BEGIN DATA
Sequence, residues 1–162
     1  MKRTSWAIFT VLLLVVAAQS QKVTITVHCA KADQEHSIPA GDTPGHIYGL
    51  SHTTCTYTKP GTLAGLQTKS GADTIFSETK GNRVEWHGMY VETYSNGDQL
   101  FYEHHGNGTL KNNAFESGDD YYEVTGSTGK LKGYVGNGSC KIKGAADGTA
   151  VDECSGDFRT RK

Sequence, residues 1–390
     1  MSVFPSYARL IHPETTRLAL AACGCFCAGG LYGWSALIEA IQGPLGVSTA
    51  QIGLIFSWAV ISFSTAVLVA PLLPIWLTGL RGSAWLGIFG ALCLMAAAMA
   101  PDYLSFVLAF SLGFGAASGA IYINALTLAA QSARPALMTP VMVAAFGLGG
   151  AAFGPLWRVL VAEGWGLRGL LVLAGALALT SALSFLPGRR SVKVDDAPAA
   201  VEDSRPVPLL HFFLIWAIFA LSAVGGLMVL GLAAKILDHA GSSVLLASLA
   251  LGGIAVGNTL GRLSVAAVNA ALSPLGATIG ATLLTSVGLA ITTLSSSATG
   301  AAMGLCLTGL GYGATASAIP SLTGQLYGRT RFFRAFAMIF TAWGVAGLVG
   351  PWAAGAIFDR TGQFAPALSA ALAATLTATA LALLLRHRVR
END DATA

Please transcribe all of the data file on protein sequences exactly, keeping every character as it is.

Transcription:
Sequence, residues 1–162
     1  MKRTSWAIFT VLLLVVAAQS QKVTITVHCA KADQEHSIPA GDTPGHIYGL
    51  SHTTCTYTKP GTLAGLQTKS GADTIFSETK GNRVEWHGMY VETYSNGDQL
   101  FYEHHGNGTL KNNAFESGDD YYEVTGSTGK LKGYVGNGSC KIKGAADGTA
   151  VDECSGDFRT RK

Sequence, residues 1–390
     1  MSVFPSYARL IHPETTRLAL AACGCFCAGG LYGWSALIEA IQGPLGVSTA
    51  QIGLIFSWAV ISFSTAVLVA PLLPIWLTGL RGSAWLGIFG ALCLMAAAMA
   101  PDYLSFVLAF SLGFGAASGA IYINALTLAA QSARPALMTP VMVAAFGLGG
   151  AAFGPLWRVL VAEGWGLRGL LVLAGALALT SALSFLPGRR SVKVDDAPAA
   201  VEDSRPVPLL HFFLIWAIFA LSAVGGLMVL GLAAKILDHA GSSVLLASLA
   251  LGGIAVGNTL GRLSVAAVNA ALSPLGATIG ATLLTSVGLA ITTLSSSATG
   301  AAMGLCLTGL GYGATASAIP SLTGQLYGRT RFFRAFAMIF TAWGVAGLVG
   351  PWAAGAIFDR TGQFAPALSA ALAATLTATA LALLLRHRVR